The problem with the Second District's interpretation in Lynch is that it reads “[where] the issues involved were decided by an appeals referee” to mean where evidence was received by an appeals referee, and these are not really the same thing at all. A similar flaw plagues the First District's interpretation in Egner, and the Third District's interpretation in Mendelman. Each interpretation is a reasonable attempt to apply this poorly-worded statute. The problem is that a literal reading of the statute would require us to determine where the appeals referee was located when she reached her decision. And that is not remotely workable for obvious reasons.
We agree with the Second and Third Districts that the poorly-worded language of this statute does seem to be pointing toward the location of the hearing as the basis for determining district court venue (since “the issues” are “decided” as a result of the evidentiary hearing). However, we do not believe that the statutory language dictates the more narrow interpretation subscribed by the Second District in Lynch. For this reason, we will continue to follow Mendelman, and our prior practice, until the Legislature further clarifies the statute-which we would encourage it to do.
Moving to the substantive issue raised on appeal, a person who voluntarily leaves a job is not entitled to unemployment benefits unless the person can demonstrate that he or she left for good cause attributable to the employer. See § 443.101(1)(a), Fla. Stat. (2007); see also, Kloepper v. Unemployment Appeals Comm'n, 871 So.2d 997, 998 (Fla. 5th DCA 2004) (“An individual who leaves work voluntarily, as the claimant did, carries the burden to show that the leaving was with good cause attributable to the employer, in order to qualify for unemployment compensation benefits.”). “Good cause” is defined as “circumstances which would impel the average, able-bodied, qualified worker to give up employment.” Ritenour v. Unemployment Appeals Comm'n, 570 So.2d 1106, 1107 (Fla. 5th DCA 1990).
Only two witnesses testified at the hearing in this case, and neither party presented any documentary evidence. Presnell testified that he left Diamond only after his manager stopped sending him work and would not return his calls. According to Presnell, the company deliberately directed virtually all work to other technicians in order to force him to leave his job. We agree that these facts, if proved, would constitute good cause attributable to Diamond. Diamond's witness, however, claimed that the company's business had simply slowed down and that “the work was actually slower for everybody and it wasn't a matter of not giving Mr. Presnell work. It is a matter of the work not being there for the entire market so to speak.” According to Diamond's representative, this slow-down occurs at the same time each year; Mr. Presnell was aware of the seasonal nature of the company's business; and, Mr. Presnell left Diamond shortly before the company's work traditionally picks back up. If true, of course, these circumstances would not constitute good cause for Presnell to leave his job.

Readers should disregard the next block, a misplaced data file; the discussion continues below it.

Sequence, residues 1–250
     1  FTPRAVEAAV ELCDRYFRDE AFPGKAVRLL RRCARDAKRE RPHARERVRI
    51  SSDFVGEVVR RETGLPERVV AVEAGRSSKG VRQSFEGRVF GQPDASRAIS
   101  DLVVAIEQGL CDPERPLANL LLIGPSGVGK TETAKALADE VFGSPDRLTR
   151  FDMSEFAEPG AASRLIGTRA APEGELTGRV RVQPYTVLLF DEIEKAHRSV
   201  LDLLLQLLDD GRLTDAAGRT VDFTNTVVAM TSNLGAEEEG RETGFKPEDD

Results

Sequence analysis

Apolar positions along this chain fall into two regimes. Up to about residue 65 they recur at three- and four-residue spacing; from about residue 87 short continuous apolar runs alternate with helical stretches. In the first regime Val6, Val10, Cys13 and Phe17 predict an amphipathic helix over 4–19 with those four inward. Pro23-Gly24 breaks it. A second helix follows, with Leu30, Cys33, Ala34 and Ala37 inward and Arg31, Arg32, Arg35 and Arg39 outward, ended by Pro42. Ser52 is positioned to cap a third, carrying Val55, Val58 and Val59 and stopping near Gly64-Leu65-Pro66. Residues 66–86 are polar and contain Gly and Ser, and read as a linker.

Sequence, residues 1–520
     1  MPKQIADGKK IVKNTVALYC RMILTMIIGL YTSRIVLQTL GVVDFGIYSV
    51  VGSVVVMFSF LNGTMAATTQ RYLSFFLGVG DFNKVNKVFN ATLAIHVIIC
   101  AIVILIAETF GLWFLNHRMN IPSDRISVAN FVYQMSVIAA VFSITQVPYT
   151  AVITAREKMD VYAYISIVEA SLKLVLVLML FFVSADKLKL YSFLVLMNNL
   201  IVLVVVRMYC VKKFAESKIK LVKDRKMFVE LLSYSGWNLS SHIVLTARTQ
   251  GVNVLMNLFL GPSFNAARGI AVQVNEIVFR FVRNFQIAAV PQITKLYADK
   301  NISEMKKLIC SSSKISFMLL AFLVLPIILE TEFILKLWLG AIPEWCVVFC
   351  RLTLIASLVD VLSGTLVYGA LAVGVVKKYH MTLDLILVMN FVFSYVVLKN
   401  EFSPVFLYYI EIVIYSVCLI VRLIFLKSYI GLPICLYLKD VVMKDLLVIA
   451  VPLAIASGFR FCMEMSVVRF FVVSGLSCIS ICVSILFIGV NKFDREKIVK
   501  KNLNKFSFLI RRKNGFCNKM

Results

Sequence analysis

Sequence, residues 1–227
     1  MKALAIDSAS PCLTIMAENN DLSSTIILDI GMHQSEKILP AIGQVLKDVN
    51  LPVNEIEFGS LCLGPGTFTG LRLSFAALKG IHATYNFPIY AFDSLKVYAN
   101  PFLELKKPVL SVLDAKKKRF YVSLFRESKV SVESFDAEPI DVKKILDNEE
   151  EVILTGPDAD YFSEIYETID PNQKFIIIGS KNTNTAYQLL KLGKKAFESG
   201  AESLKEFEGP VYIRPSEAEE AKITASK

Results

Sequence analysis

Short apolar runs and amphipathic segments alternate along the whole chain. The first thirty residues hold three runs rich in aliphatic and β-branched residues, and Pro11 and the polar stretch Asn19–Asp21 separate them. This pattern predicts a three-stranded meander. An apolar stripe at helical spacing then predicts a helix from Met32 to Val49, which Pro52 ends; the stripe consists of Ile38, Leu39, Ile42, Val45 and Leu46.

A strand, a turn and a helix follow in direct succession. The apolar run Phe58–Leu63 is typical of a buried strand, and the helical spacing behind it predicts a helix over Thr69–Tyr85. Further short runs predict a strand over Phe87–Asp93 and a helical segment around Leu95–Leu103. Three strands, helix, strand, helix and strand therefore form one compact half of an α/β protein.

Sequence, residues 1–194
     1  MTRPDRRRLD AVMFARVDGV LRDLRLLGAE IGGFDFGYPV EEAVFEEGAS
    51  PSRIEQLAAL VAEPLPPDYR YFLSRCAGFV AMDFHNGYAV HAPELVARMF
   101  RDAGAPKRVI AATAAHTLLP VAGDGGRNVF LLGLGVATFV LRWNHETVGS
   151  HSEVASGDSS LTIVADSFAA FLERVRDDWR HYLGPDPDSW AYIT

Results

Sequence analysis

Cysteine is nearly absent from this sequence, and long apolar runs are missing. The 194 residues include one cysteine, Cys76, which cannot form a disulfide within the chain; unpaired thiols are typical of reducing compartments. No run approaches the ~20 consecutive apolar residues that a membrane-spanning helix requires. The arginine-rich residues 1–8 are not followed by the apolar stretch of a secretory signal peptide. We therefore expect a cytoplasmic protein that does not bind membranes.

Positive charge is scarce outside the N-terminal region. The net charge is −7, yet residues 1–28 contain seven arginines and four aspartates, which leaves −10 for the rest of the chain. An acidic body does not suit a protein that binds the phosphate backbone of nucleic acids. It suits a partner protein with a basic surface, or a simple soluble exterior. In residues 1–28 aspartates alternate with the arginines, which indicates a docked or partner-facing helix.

“An appeals referee is the trier of fact, and he or she is privileged to weigh and reject conflicting evidence.” Ritenour, 570 So.2d at 1107 (citing David Clark & Associates v. Kennedy, 390 So.2d 149 (Fla. 1st DCA 1980) and McCray v. Dept. of H.R.S., 384 So.2d 980 (Fla. 3rd DCA 1980)). In this case, the referee heard the conflicting testimony and found that Presnell had not carried his burden of demonstrating good cause. On review, we cannot reweigh the evidence. Id. Accordingly, we affirm, and certify conflict with Lynch and Egner.
AFFIRMED; CONFLICT CERTIFIED.
All of the Florida appellate courts that have considered the meaning of section 443.151(4)(e), Florida Statutes, seem to agree that the logical and most appropriate appellate district to review an order of the commission is the one having the most direct connection with the employment relationship. It appears to be a quirk of Florida unemployment compensation law that appeal by either party to the employment relationship can be filed in diverse locations. See Fla. Admin. Code R. 60BB-6.002. Also, as the majority notes and as we often see, these cases can be connected to multiple locations involving multiple appellate districts. The employee can easily work in one district, live in the adjacent county, which can be within another district, and the employer may be headquartered in a third. That may have contributed to the difficulty with the language of the statute.
The first question I ask myself is whether the logical and appropriate answer can be found anywhere in the words of the statute that we are attempting to interpret. The phrase “appellate district in which the issues involved were decided by an appeals referee” is so odd that it must be odd for a reason. It appears to me as though the purpose of this language is to connect the appellate district to the appeal referee because his or her decision, presumably, would be sited in the place where the application for benefits was made. A case is “decided” in the place where it is pending, not where the referee was physically located at the moment the decision was made or in the place where the referee was located during the hearing. That, I think, is the reason why the phrase, “district in which the issues involved ․” was used. The thought the Legislature was intending to convey was that the commission's orders are subject to review in the appellate district in which the issues decided by an appeals referee were involved. Use of the word “involved” was not a happy choice because of its lack of precision, but I think the intent to tie the place of the appeal to the situs of the employment issue can be gleaned from the statute.
PALMER, C.J., concurs.GRIFFIN, J., concurs with opinion.